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Self-Discipline: Can It Verge on Masochism?

Ultimate fulfillment may require you to make many painful sacrifices.

There are countless examples. Forcing yourself to exercise when not one cell in your body is remotely inclined to move. Making yourself take the time to prepare a well-balanced meal when you're fatigued and would much rather send out for pizza. Bearing down and studying arduously for an exam when the subject matter is indescribably tedious to you. Commanding yourself to be patient or gracious with someone for whom you have a deep dislike. And so on, and so on.

These instances are all about exhorting yourself to do what affords you absolutely no pleasure. But how about all the things you might restrict yourself from doing that might supply--at least temporarily--an abundance of enjoyment? Like consuming virtually lethal amounts of cheesecake. Or getting wasted to avoid confronting an onerous situation. Or going on a humongous shopping binge that could max out all your credit cards. Or succumbing to illicit sexual temptations (and thereby betraying your spouse). Or substituting for a not-very-gratifying exercise regimen (as comedian Phyllis Diller once called it) "a rigorous sit" (!).

Examples of self-disciplined behaviors seriously interfering with personal pleasure and excitement are virtually infinite. Comfort, amusement, delight, adventure, entertainment, titillation (you name it), there's no question that focusing on what, ultimately, will best serve your welfare entails all sorts of sacrifices--and repudiations, denials, and refusals that at some point may seem downright masochistic.

That said, however, almost always the eventual payoff of getting yourself to do what, frankly, you'd much rather not do (as well as abstaining from what might feel especially tempting) is well worth the effort. As has been said many times: "No pain, no gain." Besides, almost all of us would concede that a life of hedonism isn't one we'd end up feeling very proud of. So--both idealistically and practically--it makes eminent sense to exert substantial control over your natural tendency to pursue what's pleasurable. Surrendering to immediate, self-indulgent attractions or enticements inevitably leads to your becoming subservient to them. And as a consequence, the likelihood of achieving longer-term goals is seriously undermined.

There are times when it's self-discipline alone that keeps you from putting off something unpleasant, disagreeable, or even abhorrent. Self-discipline is what reflects your commitment to hold fast to certain values and priorities--whether it's a pledge to follow through on a promise, fulfill an obligation, or promote some personal or professional interest. At any moment your actual desire to do what you know should be done may be minimal. In these instances the only thing enabling you to drive yourself forward is your word to yourself, your core principles, and your determination to act responsibly--regardless of your present mood or disposition.

In this respect, self-control and self-discipline are indistinguishable. Without them, the behavior you might be prompted to engage (or indulge) in will almost certainly culminate in later regret.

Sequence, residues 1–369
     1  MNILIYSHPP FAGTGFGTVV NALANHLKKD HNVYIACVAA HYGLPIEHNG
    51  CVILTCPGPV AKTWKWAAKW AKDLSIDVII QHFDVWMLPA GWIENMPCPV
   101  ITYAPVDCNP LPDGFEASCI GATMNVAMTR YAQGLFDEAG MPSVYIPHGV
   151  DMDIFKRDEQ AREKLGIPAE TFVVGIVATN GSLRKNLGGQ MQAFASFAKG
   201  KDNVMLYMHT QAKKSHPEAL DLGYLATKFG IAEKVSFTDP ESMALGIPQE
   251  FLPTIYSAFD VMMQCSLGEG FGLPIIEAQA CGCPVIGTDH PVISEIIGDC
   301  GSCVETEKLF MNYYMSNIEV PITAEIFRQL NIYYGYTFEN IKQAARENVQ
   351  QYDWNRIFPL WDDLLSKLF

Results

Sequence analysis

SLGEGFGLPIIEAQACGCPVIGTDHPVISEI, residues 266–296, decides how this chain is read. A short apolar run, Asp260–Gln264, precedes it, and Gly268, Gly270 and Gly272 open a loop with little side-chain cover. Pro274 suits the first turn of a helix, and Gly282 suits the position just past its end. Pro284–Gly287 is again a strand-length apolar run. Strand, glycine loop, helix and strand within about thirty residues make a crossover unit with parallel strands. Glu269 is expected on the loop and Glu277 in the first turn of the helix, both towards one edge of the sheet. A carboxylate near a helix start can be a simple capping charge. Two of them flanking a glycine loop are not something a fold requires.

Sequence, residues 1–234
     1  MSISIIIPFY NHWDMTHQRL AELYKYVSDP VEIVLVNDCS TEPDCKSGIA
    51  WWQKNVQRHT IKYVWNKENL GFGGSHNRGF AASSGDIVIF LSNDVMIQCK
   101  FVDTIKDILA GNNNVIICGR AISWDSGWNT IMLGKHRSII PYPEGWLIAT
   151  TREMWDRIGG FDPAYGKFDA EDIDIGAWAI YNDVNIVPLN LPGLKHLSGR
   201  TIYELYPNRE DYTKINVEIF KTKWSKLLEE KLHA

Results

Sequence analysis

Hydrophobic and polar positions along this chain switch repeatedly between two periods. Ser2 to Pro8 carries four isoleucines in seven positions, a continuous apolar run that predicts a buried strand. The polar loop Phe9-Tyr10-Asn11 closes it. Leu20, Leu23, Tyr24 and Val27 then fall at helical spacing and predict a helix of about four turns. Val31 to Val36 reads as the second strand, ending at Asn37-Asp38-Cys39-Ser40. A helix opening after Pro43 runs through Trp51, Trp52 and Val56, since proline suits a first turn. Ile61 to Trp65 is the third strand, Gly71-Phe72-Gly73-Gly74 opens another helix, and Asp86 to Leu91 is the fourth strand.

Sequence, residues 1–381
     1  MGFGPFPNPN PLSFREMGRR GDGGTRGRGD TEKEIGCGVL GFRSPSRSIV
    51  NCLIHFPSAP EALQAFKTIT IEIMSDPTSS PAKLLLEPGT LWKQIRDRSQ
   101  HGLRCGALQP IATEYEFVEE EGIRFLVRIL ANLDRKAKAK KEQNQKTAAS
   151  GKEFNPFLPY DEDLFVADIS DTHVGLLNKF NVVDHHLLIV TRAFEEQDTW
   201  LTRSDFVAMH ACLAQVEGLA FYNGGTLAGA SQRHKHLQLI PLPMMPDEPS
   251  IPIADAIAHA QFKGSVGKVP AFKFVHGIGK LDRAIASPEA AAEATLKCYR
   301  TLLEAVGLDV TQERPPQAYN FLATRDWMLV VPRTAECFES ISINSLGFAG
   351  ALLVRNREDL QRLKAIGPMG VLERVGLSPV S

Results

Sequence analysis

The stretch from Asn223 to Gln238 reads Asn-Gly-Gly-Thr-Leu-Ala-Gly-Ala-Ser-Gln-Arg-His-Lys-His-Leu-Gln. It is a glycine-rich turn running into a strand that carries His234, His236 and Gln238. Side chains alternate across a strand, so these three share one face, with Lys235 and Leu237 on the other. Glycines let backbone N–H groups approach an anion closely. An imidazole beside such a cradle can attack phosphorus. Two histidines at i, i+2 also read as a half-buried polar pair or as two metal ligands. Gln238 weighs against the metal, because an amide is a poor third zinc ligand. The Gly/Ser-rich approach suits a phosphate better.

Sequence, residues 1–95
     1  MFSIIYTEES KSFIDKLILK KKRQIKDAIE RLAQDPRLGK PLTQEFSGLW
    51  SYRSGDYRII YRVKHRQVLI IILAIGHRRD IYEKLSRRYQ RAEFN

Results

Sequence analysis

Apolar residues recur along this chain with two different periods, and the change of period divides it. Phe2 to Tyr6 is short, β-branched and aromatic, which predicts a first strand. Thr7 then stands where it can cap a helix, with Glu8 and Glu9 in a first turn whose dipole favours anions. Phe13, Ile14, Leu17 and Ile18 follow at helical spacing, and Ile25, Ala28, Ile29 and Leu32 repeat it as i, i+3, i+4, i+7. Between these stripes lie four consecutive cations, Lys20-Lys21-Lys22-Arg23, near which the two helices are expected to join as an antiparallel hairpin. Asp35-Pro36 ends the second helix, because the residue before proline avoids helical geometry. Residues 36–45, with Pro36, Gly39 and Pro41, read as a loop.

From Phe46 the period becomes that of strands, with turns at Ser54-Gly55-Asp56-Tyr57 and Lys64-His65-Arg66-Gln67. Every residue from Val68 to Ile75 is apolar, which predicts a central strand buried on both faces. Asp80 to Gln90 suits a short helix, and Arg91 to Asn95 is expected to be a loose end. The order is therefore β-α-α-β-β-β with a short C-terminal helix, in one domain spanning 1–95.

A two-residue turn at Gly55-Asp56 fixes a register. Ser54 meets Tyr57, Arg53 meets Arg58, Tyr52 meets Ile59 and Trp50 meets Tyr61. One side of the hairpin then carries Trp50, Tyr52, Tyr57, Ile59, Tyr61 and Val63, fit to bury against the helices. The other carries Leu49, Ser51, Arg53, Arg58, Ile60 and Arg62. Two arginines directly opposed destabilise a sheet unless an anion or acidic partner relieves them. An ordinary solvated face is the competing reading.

This is essentially what maturity is all about. And unfortunately, at times the behavior that goes with adulthood may seem little short of masochistic. To deal with yourself in a self-denying, self-sacrificing way, and to renounce alluring opportunities for enjoyment, can in fact seem like cruel and unusual (self-) punishment. In fact, one definition of masochism is "gratification gained from pain, deprivation, degradation, etc., inflicted or imposed on oneself. . . " (Random House Dictionary). So even though I'm not addressing anything like sexual masochism or some really perverse form of self-torture, it should be evident that self-discipline sometimes requires nothing less than the "pain" described in the above definition.

As regards the "gratification" aspect of masochism, I believe it can actually be quite gratifying to deny yourself some immediate enjoyment in that you've demonstrated to yourself sufficient strength to "achieve" this denial. As ironic as it may seem, realizing that you were able to show really good judgment--and restraint--in refusing to pay the overly high price of partaking in a particular pleasure can be unusually satisfying.

Moreover, consider a second definition of masochism that goes even farther in this direction: "A willingness or tendency to subject oneself to unpleasant or trying experiences." (American Heritage Dictionary). Finally, is not this description exactly what I've been depicting as self-discipline? That is, a willingness to do whatever it takes to reach personally valued goals and objectives, independent of whatever challenges, or unpleasantness, may be linked to the process of attaining them.

Once you decide what behaviors best serve your fundamental, most cherished interests and ideals, the matter of how much you might enjoy the rigors of realizing them becomes almost irrelevant. On the contrary, allowing yourself to put off what in the present just doesn't "grab" you represents the very essence of procrastination--and ultimate defeat.

If there's a moral to this piece, it's that doing what you've pre-determined is best for you--rather than permitting yourself to constantly get sidetracked by what immediately seems more pleasurable--will grant you far more satisfaction and joy in the long run. So even though the decision to develop maximum self-discipline may at times border on the masochistic, do consider carefully where your greatest happiness lies.

Note: To read an earlier post of mine that complements this present effort, see "From Self-Indulgence to Self-Nurturing."

© 2011‭ Leon F. Seltzer, Ph.D. All Right Reserved.

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